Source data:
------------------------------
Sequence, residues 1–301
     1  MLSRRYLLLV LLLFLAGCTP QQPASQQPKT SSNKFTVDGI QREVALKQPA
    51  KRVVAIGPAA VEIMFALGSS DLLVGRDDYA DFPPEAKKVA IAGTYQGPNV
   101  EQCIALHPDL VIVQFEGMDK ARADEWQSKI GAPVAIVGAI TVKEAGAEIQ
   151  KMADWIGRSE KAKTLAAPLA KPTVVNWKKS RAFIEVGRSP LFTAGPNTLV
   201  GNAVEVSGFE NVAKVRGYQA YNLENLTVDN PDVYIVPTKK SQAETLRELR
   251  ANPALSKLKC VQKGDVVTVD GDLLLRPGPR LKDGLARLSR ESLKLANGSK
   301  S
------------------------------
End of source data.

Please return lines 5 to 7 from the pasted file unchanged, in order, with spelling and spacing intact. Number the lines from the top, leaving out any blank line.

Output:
   151  KMADWIGRSE KAKTLAAPLA KPTVVNWKKS RAFIEVGRSP LFTAGPNTLV
   201  GNAVEVSGFE NVAKVRGYQA YNLENLTVDN PDVYIVPTKK SQAETLRELR
   251  ANPALSKLKC VQKGDVVTVD GDLLLRPGPR LKDGLARLSR ESLKLANGSK